Greek Sesame Bread rings recipe (Koulouri Thessalonikis)

Incredibly crunchy on the outside with an amazingly soft and slightly chewy centre.. These delicious Greek bread rings covered with toasted sesame seeds are definitely the most popular street food one can find in Greece. And with good reason!

If you’ve ever found yourself walking the streets of  Athens or Thessalonikis then you can’t have missed on all the street vendors selling these popular sesame bread rings. These famous Greek Koulouria are sold almost everywhere! On every street corner and every bakery, being probably the most popular breakfast for Greeks, along with a hot cup of Greek coffee (ellinikos Kafes) or a Frappe coffee.

Traditional Greek sesame-crusted bread rings can be served with either sweet or savoury accompaniments. I just love enjoying them with feta cheese or Graviera and Kalamata olives as a filling snack or cutting them in half crosswise, spreading with butter, honey or jam for breakfast. Simply delicious!

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Greek Sesame Bread rings recipe (Koulouri Thessalonikis)

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  • Author: Eli K. Giannopoulos
  • Prep Time: 90 min
  • Cook Time: 15 min
  • Total Time: 1 hour 45 minutes
  • Yield: 12 pieces 1x
  • Category: Breads
  • Method: Baked
  • Cuisine: Greek


A traditional Greek sesame seed bread rings recipe! If you’ve ever found yourself walking the streets of  Athens or Thessalonikis then you can’t have missed on all the street vendors selling these popular sesame koulouria! Discover how to make your own with this original recipe!


  • 500g all purpose flour (19 oz.)
  • 2 tsps salt
  • 300g lukewarm water (10.5 oz.)
  • 8g dry active yeast (0.3 oz.)
  • 1 tsp sugar
  • 3 tbsps olive oil

To garnish

  • 200250g sesame seeds (89 oz.)
  • water


  1. To prepare these Greek sesame bread rings recipe, start by making the dough. In the mixer’s bowl add the lukewarm water, the yeast and sugar and stir. Wrap well with plastic wrap and set aside for about 8-10 minutes, until the yeast starts bubbling. Into the same bowl, add first the flour, then the salt and olive oil. Using the dough hook, mix all the ingredients at low speed for about 7 minutes, until the dough becomes an elastic ball. When done, remove the dough from the hook and check out its texture. It should be smooth and elastic and slightly sticky. If it is too sticky, add just a little more flour (1/2 tsp), mix and check again.
  2. Coat lightly a bowl with some olive oil, place the dough inside and cover with plastic wrap. Let the dough sit in warm place for about 30 minutes. Knead the dough again at medium-high speed for 3-4 minutes.
  3. Turn the dough onto a working surface and divide into 12 pieces. Take one piece of the dough and roll out into a rope approx. 35cm long. Form a circle and join the ends pinching them together. Place the bread ring on a large baking tray, lined up with parchment paper and repeat with the rest of the dough. (You will need two large baking trays.)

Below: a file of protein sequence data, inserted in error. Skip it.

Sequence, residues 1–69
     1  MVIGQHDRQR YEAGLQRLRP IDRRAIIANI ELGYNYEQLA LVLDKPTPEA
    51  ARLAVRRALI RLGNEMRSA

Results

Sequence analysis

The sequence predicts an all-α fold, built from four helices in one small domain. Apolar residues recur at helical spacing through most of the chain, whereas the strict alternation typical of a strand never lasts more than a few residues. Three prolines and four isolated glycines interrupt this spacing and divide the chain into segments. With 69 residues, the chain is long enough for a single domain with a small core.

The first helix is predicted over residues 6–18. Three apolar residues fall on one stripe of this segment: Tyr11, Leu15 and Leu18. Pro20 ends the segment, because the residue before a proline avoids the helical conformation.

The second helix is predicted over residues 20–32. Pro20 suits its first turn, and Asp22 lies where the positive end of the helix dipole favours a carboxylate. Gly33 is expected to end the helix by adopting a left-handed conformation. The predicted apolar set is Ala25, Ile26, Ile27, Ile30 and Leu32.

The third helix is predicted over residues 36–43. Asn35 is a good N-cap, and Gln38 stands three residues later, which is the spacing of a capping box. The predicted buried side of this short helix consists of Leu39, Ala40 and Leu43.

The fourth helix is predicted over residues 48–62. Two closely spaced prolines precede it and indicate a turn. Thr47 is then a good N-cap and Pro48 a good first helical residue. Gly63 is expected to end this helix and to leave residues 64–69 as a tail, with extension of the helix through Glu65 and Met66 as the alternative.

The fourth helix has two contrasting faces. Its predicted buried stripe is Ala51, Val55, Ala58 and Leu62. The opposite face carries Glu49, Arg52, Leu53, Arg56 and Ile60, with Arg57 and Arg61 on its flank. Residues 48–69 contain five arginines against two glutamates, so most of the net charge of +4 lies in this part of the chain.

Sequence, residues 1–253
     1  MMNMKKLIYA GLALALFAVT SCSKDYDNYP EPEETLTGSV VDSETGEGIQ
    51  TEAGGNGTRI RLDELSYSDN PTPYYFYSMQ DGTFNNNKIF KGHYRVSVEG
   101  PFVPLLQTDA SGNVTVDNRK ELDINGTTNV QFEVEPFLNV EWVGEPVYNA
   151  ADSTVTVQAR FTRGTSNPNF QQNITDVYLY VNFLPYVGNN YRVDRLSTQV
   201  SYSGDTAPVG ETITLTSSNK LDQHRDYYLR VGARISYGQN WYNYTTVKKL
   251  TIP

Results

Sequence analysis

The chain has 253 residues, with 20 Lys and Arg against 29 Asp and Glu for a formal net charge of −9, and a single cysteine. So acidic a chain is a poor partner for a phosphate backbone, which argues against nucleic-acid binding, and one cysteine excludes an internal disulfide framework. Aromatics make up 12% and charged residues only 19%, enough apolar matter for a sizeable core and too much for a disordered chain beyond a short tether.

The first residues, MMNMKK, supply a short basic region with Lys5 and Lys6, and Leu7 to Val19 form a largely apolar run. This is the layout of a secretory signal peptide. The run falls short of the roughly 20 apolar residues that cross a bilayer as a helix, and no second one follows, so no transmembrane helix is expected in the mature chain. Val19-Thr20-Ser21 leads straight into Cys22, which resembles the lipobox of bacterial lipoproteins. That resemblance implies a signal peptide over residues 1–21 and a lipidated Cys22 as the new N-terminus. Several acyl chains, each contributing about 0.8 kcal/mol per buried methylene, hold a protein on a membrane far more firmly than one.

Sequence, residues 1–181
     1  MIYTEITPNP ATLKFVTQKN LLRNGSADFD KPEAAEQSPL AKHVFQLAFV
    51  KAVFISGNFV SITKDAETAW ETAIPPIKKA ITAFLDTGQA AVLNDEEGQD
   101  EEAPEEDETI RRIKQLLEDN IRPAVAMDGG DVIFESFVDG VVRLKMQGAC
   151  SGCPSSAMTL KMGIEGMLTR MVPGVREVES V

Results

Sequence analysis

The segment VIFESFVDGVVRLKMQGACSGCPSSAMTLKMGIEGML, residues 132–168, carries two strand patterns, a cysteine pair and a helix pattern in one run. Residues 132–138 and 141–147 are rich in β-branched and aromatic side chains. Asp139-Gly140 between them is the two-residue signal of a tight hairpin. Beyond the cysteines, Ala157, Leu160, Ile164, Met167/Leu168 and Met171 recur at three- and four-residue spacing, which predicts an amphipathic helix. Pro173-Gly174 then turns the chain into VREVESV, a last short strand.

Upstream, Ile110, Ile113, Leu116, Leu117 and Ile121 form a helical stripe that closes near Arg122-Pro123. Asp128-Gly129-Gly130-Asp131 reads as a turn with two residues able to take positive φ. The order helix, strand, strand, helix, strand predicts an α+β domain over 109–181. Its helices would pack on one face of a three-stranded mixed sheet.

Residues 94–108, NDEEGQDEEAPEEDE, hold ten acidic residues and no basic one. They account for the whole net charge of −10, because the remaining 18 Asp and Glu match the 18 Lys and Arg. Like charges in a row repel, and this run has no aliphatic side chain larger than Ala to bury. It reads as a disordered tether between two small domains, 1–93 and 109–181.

4. Prepare the ingredients for the garnish. In one bowl pour some water. In a separate bowl or tray place the sesame seeds. Dip the koulouria (bread rings) in water and then in sesame seeds, making sure to cover them on all sides. Place them back on your baking sheets, leaving some distance between them. Let them rise in a warm place for about 30 minutes. (For garnish you can also petimezi for extra flavour. Use 1/3 of a cup petimezi diluted in 1/4 of cup water and dip the bread rings first in the petimezi mixture and then in sesame seeds.)
  5. Bake in preheated oven at 200C for about 15 minutes, until nicely golden brown and crusty. Enjoy!


  • Serving Size: 1 ring
  • Calories: 281kcal
  • Sugar: 0.5g
  • Sodium: 390.6mg
  • Fat: 12.2g
  • Saturated Fat: 1.7g
  • Unsaturated Fat: 9.9g
  • Trans Fat: 0g
  • Carbohydrates: 36.3g
  • Fiber: 3.3g
  • Protein: 7.5g
  • Cholesterol: 0mg

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  1. sophia livizos

    I always keep the yeast in the refrigerator and it is cold when first want to use it , is it o.k to use it right away or I should bring it first to room tempeture.

    • I would bring it to room temperature. I am guessing you are talking about fresh yeast? Dry one does not need to be refrigerated..

      • I keep my dry yeast refrigerated as well so it lasts longer. I never bring it to room temp since its going in warm water. You can even freeze yeast it indefinitely

  2. I live in Ecuador, and petimezi is not available. I did, however, manage to find some pomegranate molasses. Do you think it would be worth a try to experiment with using that diluted in place of the water?

  3. Karina Cheung

    Just use sugar in water, works the same way

  4. The USA does not have grams. We have cups, tablespoon, teaspoon. I do not know what 500 grams is to cups.

  5. Perfect and simple – thank you very much! Spasibo!

  6. Can you use baking powder instead of yeast in this recipe?

    • Eli K. Giannopoulos

      No I don’t think that would work as well I am afraid. Its more like a bread than a cake 🙂

  7. Diane Wilde

    I discovered this bread when I took a walking food tour in Athens. Best bread ever! I bought it whenever I came across it after that. Yum! I have been making a rough version of this since I got home. Trying out your recipe now😊

  8. I too discovered this bread walking through Athens. I wondered about it and then on our last day we bought a few for our return airplane flight to JFK. Eating these on the plane I knew I had to make these at home and I found your recipe. It was perfect and pretty close to what I remembered. We even made cheese sandwiches with tbem. Yummy!!! Thank you for this recipe.

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